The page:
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If only you knew your true worth

I have realised that self-worth – or lack thereof – is a battle that needs to be spoken about.

When people feel a lack of self-worth, they often skim over it, placing their mind elsewhere and focussing their energy into something else so that they don’t end up at the bottom of a hole with no way out. However, there are times when a lack of self-worth can consume a person. The person you once knew is now obsessed by every little thing they think may be wrong with them. It seems like a bitter pill to swallow, but from what I have seen, when you have an unhealthy attachment to the dunya, it is so much easier to ‘hate’ yourself than to love who you are or who you can become.

There are so many moments in life that we experience where we truly question ourselves: who am I? Why do I not have this? Why do I keep failing? What is so wrong with me? We are almost forced by the society that we live in to constantly question our worth. It’s like we are fighting a losing battle. As long as we live in a time where everything seems to be perfect, and where everyone puts up a front of having it all, we begin to believe the lies we tell ourselves.

I could spend all day talking about the idea of filters, which are now accessible to all on most social media platforms. We are being sold this false sense of perfection, this airbrushed façade, and we so willingly believe it. I now know so many people who cannot take a picture without using a filter. Why have we allowed ourselves to reach the point where the way we were made and the intricacies of our faces are not worthy enough to be seen? What makes you who you are is no longer good enough; there is a standard that needs to be met. Although there is goodness in social media, I am unsure whether it outweighs the bad. There are girls as young as nine years old who have become obsessed with other people’s lives. Access to such content creates a toxic mindset for an adult, so imagine the power it has over a child whose mind is malleable, trying to find any way they possibly can to fit into a society that capitalises off their insecurities.

It is important to also realise that whilst the social narrative of perfection and social media is at its peak, Muslims should not be spending time on such outlets that may affect our well-being and make us question our identity. It is difficult to change the narrative, but if you know that social media has negative effects on you, take a step back. You may not be able to change society, but you can most definitely with the permission of Allāh begin to change your own habits, which will have a long-lasting effect.

This is the case for nearly every Muslim girl living in the West. It’s not only social media – it’s also external influences and the way we treat ourselves. We are already living and dressing in a way where, unless we are surrounded by the same people, we feel completely alienated and judged harshly because of what we look like. Dealing with this whilst having a lack of self-worth results in no choice but to be consumed by the very thing we tell ourselves not to worry about.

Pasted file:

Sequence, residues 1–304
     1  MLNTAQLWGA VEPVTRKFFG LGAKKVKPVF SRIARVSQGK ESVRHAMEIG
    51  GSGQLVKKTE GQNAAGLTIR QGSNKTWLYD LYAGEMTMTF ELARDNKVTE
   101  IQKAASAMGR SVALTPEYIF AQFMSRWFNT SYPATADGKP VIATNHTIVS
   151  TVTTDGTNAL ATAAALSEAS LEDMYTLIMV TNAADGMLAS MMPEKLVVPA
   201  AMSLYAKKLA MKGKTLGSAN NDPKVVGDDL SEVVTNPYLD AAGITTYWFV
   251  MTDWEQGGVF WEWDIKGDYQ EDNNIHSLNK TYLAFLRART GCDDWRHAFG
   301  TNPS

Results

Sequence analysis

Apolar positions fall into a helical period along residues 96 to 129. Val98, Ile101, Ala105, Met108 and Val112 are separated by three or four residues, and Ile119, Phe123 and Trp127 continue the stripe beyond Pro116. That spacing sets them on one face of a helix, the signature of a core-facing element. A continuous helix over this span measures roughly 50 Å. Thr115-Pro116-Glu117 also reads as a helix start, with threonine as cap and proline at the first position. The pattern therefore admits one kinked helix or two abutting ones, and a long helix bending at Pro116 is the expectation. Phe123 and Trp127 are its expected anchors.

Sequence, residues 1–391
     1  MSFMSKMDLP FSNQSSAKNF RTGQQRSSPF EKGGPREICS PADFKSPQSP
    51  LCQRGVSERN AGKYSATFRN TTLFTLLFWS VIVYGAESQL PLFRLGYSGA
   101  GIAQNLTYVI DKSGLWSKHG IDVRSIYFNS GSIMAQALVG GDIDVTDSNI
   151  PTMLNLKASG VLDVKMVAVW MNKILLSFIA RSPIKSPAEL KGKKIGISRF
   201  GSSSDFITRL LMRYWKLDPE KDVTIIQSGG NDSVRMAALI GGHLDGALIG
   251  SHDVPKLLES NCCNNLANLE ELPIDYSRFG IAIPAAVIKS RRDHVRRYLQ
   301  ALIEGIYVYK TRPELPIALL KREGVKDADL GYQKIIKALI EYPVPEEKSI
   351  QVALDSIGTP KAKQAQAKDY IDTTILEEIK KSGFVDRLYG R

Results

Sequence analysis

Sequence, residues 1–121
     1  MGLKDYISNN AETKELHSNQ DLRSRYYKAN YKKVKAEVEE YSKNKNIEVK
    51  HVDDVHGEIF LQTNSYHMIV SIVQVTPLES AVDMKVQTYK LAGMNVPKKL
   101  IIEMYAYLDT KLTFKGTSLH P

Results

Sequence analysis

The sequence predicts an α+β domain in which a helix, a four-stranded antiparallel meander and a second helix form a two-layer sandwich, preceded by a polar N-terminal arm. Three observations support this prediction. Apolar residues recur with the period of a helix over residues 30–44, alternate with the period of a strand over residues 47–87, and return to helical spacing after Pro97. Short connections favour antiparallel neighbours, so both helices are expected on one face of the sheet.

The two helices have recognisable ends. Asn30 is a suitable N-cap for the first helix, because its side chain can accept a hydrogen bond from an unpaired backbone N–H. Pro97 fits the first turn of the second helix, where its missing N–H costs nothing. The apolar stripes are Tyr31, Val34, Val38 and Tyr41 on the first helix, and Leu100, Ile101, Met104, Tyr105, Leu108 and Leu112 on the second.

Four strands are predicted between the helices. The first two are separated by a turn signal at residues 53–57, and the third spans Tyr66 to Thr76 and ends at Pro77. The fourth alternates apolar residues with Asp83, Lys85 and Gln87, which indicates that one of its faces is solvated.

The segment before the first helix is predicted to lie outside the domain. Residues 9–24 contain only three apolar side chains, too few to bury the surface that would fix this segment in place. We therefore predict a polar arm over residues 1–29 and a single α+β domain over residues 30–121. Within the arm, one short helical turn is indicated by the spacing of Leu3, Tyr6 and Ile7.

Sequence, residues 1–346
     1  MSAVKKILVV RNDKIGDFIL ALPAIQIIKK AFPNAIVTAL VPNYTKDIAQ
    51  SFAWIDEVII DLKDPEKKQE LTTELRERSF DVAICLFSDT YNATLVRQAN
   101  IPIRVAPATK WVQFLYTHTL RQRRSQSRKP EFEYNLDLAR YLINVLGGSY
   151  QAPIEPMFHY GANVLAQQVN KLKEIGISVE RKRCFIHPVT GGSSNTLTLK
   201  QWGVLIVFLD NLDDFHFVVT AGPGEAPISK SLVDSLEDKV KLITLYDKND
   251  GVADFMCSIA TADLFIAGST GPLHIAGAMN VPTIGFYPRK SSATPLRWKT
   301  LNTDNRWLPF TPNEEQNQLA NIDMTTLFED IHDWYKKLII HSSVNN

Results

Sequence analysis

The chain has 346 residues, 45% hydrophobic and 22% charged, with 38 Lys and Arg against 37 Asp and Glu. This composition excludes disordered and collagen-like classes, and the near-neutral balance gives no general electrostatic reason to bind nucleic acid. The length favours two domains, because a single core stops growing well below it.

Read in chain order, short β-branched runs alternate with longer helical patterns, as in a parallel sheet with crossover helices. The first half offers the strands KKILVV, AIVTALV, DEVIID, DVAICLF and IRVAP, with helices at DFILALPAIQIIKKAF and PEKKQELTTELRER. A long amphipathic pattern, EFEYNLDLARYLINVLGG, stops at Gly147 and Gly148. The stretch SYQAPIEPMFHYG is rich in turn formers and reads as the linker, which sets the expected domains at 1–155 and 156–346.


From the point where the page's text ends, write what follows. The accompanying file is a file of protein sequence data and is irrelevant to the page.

Before we continue, let us discuss the struggle for sisters who are visibly Muslim because of their outward appearance. Social media and the ideals of beauty have made it even harder to wear the hijab. There are times where you may question what you wear or how you dress. This could be because of fashion trends or rising Islamophobia. I whole-heartedly say to all the sisters who are struggling that every struggle in the path of Allāh is rewarded. It is difficult, but do not ever lose sight of the ‘why’, because seeking Allāh’s pleasure and seeing the highest ranks of Jannah for yourself is permanent. We live in world that is designed to test us. It was never meant to be easy, but, my dear sister, I understand the hardship you are going through, and I plead for you to remember that Allāh sees you, hears you, and knows your heart. Do not give up on this journey. One day, you will see the immense reward granted to you for your struggle.

Self-worth placed in the right things is a beautiful thing. Being kind to yourself and loving the way that your Lord created you is an incredible feeling. This is why I believe we should all be on a journey to really discover who we are and value every part of ourselves. Indeed, we are all flawed and should be holding ourselves accountable to be the best possible Muslims we can be. Arrogance has no place in our religion, and I do not think we should suddenly become obsessed with who we are and love ourselves to the point that we think we are better than others. However, I do believe that we should be able to look in the mirror and not wince. You should take a moment to appreciate the fact that your heart is beating every second to keep you alive, and that there is goodness in you. You should never let your flaws or shortcomings consume you and make you believe that you are awful, because that is not true.

Low self-worth goes hand in hand with believing that you are not deserving. There are people who have hated themselves, and then sat down to make du’ā after Maghrib salāh but find themselves short of words. This person no longer feels she can ask Allāh for anything. She sees herself as so flawed that she tells herself she does not deserve any form of happiness, nor is she deserving of her Lord’s mercy. This is deeply troubling, as many people may believe that this is something personal that the person will get over. However, this becomes dangerous as soon as it begins to affect your relationship with Allāh. This is not a case-by-case situation; in my experience, most girls have felt or still feel this way.